In the case of Trump and particularly Brexit, polls underestimated the risks of a surprise. Our fixed income strategist two weeks ago compared the gap between mainstream candidates and Le Pen in the polls for the second round with the US and Brexit margins of error. In the US, polls underestimated Trump support in the popular vote over Clinton by 1.9pp. In the case of Brexit, in the week before the referendum, polls’ average margin of error versus the final result was 6.2pp. The following graphs trace the history of polls in the six months prior to the vote for Brexit, and from the day Trump and Clinton were the official nominees in the US. The solid lines represent actual polling data. The dotted lines adjust for the margin of error. We apply the Brexit and Trump margins of error to the Le Pen-Fillon gap and the Le Pen-Macron gap in the French second-round polls. For example in the latest poll, Fillon would get about 57% of the votes in the second round and Le Pen 43%. This means that the gap between them is about 13 percentage points. Adjusting for the Brexit margin of error, as in Figure 3 below, suggests that the actual gap could be 7 percentage points. Adjusting for the Trump margin of error in Figure 4 below suggests the actual gap could be 12 percentage points. Le Pen’s momentum up to the beginning of last week is apparent but has since retreated a little. Even if French polls are off to the same extent as Brexit polls were, they still suggest that her victory is unlikely. That said, in the last few weeks, the risks of a Le Pen victory appear to have increased.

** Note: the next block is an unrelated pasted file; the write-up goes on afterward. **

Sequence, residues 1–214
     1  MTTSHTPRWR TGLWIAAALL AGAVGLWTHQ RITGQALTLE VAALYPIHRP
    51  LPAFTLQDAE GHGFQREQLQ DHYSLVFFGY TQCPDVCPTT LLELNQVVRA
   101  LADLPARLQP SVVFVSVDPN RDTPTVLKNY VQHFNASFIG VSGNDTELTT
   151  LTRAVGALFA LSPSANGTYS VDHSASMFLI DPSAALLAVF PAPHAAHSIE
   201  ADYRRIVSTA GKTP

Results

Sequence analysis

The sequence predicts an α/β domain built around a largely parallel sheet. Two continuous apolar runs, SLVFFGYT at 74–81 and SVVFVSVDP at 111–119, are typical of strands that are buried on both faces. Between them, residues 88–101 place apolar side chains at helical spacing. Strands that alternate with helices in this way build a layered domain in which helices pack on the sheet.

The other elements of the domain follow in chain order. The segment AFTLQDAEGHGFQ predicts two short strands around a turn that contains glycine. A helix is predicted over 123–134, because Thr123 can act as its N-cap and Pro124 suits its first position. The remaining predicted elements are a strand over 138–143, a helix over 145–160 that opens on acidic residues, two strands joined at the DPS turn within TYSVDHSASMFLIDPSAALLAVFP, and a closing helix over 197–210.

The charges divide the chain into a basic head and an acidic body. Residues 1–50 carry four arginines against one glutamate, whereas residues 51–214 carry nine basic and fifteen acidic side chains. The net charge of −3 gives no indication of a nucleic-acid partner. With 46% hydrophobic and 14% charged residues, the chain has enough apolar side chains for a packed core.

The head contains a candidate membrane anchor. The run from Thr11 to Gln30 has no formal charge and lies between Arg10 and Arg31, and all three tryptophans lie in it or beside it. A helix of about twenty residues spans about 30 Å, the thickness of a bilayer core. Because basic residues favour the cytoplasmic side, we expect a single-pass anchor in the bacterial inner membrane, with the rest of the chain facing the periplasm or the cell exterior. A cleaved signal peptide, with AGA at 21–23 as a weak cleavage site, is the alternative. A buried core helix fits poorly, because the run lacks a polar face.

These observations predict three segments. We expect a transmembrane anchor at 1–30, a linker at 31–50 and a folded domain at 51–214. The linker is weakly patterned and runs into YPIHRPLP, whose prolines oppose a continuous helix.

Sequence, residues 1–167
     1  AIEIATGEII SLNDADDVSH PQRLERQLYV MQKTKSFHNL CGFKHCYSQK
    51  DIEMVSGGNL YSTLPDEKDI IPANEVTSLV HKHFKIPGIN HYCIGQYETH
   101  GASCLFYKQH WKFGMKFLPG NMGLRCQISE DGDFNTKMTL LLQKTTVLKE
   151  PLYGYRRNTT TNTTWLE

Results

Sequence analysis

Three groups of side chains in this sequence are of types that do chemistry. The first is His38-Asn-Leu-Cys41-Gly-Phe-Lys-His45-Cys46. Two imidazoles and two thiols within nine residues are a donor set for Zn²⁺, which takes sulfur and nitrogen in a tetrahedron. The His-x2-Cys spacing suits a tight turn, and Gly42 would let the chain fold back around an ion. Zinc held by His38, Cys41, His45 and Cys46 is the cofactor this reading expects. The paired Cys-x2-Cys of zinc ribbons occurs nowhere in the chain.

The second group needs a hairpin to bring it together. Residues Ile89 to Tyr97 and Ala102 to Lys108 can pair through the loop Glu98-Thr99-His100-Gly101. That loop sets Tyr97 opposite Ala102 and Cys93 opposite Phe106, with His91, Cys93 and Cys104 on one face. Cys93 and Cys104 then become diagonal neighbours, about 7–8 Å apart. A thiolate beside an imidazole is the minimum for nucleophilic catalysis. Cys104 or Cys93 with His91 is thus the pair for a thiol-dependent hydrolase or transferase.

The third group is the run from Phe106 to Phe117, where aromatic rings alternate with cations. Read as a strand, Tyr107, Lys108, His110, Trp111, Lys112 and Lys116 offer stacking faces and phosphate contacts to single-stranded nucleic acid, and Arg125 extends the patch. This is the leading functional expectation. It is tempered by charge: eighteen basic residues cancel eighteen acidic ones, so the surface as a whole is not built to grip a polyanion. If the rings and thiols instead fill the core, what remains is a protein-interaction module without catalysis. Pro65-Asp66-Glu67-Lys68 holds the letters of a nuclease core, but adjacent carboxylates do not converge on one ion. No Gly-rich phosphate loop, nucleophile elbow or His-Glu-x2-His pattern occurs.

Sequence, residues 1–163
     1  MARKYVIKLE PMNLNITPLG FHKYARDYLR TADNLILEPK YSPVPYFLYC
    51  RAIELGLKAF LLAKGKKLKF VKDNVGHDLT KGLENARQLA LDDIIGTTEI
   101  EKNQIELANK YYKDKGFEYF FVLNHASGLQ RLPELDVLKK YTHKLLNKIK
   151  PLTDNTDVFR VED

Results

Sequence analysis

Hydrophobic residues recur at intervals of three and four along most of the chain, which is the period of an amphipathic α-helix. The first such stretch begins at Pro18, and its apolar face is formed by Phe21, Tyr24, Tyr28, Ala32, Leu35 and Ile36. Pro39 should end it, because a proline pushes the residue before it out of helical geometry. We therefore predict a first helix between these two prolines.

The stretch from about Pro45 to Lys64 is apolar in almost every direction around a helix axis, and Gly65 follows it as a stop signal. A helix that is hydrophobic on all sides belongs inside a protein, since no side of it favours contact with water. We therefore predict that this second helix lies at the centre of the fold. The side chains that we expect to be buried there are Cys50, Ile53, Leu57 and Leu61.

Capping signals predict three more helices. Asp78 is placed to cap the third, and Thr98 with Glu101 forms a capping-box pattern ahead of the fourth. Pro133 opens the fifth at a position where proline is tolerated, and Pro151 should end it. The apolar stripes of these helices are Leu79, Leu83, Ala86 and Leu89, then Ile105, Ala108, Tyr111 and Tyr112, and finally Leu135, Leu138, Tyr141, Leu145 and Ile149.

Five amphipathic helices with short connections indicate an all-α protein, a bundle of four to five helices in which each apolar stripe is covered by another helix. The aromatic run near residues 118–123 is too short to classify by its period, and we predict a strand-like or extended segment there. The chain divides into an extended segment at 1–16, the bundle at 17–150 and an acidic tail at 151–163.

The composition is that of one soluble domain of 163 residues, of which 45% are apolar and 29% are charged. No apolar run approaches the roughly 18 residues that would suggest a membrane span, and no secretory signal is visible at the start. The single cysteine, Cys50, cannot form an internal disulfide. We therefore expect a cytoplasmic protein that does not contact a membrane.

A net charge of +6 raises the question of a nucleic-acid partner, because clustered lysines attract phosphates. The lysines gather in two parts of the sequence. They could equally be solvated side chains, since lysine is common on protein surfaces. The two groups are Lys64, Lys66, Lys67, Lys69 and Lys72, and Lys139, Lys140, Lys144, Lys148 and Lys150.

Solidifying apparent support in the first round is key